Dinosaurs

Barbara J. Feldman

Named from two Greek words meaning “terrible lizard,” dinosaurs first appeared about 220 million years ago, and then disappeared rather suddenly 63 million years ago. Dinosaurs capture our imagination in many different ways. Their tremendous size, their fearsome looks, and the mystery of their extinction are but a few of the dinosaur wonders worth pondering. [Editor's Note: An updated version of this topic can be found here: Dinosaurs]

  • Dino Buzz5 stars

    "To be truthful, the unfortunate fact about the popularity of dinosaurs is that the science that it is based on occasionally is obscured by the fantasy that surrounds it." From the Museum of Paleontology at the University of California, Berkeley, Dino Buzz dispels some common myths and explores dinosaur debates such as What Killed the Dinosaurs? and Hot Blooded or Cold Blooded? They also include a handful of excellent links to resources both onsite and offsite.

  • Field Museum: Sue5 stars

    Who is Sue? "Sue is the largest, most complete, and best preserved Tyrannosaurus rex. She was discovered by fossil hunter Sue Hendrickson in 1990, in the badlands of South Dakota." Following a long custody battle, Sue was sold at Sotheby's auction house October 4, 1997. The Field Museum purchased Sue for nearly $8.4 million - the most money ever paid for a fossil. On May 17, 2000 , the museum revealed Sue. She stands thirteen feet high at her hips and is forty-two feet long from head to tail.

  • Natural History Museum: Dinosaurs and Other Extinct Creatures5 stars

    This British museum site is my pick of the day because of its sense of humor and variety of multimedia resources. To start with Fun n' Games, click on the funny dino picture labeled "Nimble? Nasty? Mini? Massive?" in the lower right corner. Here you'll find two dino games: What Dinosaur Are You? and Dinosaur Defender. The educational clicks are easier to find, and include the Dino Directory and the interactive T-Rex discovery activity. "Look at each of the pieces of evidence and decide whether you think T-Rex was a scavenger, predator or even both."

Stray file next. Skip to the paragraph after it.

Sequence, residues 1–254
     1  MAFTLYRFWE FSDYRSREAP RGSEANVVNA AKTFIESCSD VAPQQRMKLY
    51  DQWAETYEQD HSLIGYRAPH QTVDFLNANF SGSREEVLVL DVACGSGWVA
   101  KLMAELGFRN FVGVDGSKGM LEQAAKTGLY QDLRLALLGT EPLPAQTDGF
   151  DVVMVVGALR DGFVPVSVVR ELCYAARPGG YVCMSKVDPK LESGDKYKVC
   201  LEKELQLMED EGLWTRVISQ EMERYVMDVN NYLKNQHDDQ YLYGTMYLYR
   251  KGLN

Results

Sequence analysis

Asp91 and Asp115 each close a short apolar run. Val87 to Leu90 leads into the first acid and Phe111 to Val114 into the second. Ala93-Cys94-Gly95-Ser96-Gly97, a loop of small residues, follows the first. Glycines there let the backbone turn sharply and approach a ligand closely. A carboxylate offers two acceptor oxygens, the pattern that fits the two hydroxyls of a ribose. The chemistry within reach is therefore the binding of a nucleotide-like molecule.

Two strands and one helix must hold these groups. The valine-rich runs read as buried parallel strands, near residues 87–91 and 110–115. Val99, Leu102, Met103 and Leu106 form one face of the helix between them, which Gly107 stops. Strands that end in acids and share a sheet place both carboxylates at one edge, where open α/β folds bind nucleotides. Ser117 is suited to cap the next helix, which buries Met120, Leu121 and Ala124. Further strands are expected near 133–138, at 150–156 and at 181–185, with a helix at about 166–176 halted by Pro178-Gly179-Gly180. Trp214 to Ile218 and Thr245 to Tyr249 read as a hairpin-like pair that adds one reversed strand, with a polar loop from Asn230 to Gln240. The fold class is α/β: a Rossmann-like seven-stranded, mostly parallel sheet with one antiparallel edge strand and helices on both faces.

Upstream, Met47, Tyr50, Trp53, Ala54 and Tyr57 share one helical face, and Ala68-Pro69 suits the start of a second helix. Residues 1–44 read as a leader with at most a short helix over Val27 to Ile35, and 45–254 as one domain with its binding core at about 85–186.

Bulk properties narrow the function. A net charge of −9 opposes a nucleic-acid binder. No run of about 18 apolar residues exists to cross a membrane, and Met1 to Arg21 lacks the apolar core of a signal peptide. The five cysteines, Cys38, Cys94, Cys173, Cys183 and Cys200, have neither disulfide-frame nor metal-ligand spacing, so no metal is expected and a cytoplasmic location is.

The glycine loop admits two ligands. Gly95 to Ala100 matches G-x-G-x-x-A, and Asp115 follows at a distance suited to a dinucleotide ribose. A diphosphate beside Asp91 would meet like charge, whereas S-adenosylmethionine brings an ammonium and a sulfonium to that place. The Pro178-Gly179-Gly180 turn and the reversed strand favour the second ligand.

• Yahooligans! Science: Dinosaurs5 stars

    From "Abelisaurus" to "Zuniceratops," Dinopedia (sponsored by the Jurassic Park movie folks) includes an A-Z illustrated dinosaur glossary and a history lesson divided into five ages: Before Dinosaurs, Triassic, Jurassic, Cretaceous, After Dinosaurs. "The Earth is roughly 4.5 billion years old. How do you explain in a few paragraphs over 4 billion years of Earth's history? Well, we really can't without a very long book, so we will touch on a few highlights and skip a lot of the really technical stuff."

  • Honorable Mentions

    The following links are either new discoveries or sites that didn't make it into my newspaper column because of space constraints. Enjoy!


    Cite This Page

  • Feldman, Barbara. "Dinosaurs." Surfnetkids. Feldman Publishing. 11 Oct. 2006. Web. 9 Oct. 2014. <http://www.surfnetkids.com/resources/dino06/ >.


  • About This Page

  • By . Originally published October 11, 2006. Last modified July 9, 2014.

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